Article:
You can even take it a step further and follow Ryan Koo’s advice to create a playlist for whatever you’re working on, That way when it’s time to get back to your screenplay (or book, or poetry anthology), you can instantly replicate the vibe you had going last time. For the record, I took this advice, and it’s pretty good.
5. Just start
What’s the worst that can happen? You write something horrible and have to go back and change it all. That’s the best part! Editing something you’ve already said in order to make it better is WAY easier than generating something in the first place! So relax. Write badly!
With that in mind, I now bring you the official first part in our Kristen & The Wolf saga (the other part was really more of a prologue). If you’d care to suggest any additions to my list of writing helps, go for it.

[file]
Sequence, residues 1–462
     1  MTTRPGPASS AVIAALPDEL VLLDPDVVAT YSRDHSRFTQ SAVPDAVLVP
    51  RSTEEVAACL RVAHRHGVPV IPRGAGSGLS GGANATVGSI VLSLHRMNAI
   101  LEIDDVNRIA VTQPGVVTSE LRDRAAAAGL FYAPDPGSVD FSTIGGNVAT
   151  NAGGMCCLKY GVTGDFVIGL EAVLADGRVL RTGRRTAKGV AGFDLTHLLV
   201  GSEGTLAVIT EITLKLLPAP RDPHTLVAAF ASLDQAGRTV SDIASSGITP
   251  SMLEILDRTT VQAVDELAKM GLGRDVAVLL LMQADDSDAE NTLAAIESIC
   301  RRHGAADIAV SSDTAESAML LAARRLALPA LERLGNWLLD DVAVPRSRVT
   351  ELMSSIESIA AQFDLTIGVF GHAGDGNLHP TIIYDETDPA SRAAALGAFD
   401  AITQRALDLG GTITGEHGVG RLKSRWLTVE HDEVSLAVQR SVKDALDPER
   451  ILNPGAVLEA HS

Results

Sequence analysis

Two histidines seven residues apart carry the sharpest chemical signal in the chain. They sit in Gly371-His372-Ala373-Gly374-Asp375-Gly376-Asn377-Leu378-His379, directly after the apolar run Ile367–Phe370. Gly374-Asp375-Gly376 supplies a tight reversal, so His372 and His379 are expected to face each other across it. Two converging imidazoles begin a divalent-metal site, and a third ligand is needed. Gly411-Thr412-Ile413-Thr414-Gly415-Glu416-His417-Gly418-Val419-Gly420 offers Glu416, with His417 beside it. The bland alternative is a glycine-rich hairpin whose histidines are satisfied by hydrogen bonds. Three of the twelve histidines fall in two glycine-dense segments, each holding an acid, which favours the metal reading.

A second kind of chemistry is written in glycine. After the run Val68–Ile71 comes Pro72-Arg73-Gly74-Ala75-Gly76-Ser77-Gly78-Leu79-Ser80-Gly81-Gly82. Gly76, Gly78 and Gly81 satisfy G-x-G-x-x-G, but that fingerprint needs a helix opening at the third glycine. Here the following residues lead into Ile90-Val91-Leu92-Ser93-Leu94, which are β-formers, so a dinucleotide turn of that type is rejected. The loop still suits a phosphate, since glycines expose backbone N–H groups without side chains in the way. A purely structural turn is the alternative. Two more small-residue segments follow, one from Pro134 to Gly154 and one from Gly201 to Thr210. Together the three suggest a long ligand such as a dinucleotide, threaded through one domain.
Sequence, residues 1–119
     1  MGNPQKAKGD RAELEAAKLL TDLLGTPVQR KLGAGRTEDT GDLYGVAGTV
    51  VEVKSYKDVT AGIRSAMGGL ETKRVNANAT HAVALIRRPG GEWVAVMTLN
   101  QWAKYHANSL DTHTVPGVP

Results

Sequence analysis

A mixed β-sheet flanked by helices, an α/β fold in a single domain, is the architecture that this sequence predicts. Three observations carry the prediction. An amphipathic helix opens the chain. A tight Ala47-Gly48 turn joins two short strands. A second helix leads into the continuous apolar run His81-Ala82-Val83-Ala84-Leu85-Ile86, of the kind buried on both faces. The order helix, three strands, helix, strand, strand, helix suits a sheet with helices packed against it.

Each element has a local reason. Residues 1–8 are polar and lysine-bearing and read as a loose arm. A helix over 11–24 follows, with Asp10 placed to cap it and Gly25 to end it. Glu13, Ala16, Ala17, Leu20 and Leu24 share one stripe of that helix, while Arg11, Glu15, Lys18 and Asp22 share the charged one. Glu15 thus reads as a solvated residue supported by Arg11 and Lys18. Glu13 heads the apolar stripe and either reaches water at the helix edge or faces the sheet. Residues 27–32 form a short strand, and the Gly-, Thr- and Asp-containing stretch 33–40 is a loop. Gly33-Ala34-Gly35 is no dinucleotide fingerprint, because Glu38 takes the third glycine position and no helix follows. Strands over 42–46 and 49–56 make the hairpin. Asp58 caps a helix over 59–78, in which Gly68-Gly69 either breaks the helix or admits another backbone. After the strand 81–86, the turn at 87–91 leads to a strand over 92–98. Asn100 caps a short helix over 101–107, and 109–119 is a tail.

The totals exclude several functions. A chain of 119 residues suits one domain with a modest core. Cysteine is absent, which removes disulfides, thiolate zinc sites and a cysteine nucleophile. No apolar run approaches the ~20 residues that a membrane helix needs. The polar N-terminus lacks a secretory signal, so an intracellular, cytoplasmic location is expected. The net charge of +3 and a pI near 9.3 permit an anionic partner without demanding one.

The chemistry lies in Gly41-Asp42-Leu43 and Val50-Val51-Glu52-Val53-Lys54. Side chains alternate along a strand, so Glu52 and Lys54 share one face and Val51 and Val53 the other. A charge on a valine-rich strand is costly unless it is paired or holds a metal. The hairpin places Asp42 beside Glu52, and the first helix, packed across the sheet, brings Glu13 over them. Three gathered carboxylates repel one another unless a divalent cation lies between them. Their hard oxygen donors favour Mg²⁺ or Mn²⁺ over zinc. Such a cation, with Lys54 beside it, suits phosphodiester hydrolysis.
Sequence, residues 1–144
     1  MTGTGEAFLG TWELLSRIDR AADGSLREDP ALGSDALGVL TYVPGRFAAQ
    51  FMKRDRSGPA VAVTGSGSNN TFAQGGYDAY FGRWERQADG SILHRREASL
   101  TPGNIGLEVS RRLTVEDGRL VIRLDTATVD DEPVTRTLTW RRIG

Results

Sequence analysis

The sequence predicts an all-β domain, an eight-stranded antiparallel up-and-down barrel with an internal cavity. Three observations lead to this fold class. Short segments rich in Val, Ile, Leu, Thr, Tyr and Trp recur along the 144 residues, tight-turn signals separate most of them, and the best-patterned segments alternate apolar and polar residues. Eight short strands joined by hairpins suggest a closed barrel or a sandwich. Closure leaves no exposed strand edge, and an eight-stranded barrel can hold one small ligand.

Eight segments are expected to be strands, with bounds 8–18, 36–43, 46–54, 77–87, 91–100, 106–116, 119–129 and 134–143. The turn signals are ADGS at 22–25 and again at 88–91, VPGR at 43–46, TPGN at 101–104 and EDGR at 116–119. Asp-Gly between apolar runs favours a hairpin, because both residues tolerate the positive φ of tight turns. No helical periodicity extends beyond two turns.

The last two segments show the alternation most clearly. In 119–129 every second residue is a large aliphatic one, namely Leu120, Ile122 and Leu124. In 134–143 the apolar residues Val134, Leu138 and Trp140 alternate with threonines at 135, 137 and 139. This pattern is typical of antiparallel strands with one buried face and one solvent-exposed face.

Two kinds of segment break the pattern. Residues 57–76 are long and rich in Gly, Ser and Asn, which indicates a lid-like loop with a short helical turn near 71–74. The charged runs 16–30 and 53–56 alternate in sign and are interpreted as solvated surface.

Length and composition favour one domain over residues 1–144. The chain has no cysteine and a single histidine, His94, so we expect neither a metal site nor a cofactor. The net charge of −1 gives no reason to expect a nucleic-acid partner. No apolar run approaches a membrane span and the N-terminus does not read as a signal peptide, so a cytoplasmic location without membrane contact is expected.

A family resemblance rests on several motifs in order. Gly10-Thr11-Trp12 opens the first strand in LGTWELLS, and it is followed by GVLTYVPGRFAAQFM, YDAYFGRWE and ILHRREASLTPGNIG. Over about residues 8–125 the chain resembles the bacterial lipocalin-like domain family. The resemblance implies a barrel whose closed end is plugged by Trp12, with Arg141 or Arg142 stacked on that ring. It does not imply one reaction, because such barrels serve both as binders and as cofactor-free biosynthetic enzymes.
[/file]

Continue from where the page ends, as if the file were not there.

1. Part One: Kristen and the Monster
Kristen started at the new school three weeks after her 11th birthday. She had never been to a proper school before – she and Grandmom had lived far enough into the country that it was impractical for a bus to pick her up. Officially, she was homeschooled, but in reality Grandmom just brought her along to monthly errands in town.
Kristen learned to count by watching the bank teller deal out Grandmom’s money. Kristen learned to read by staring at the letters on each item in the grocery basket as Grandmom put it into the cart. “Toothpicks,” Grandmom would say, and Kristen would nod solemnly, like she got it. Eventually, she did get it.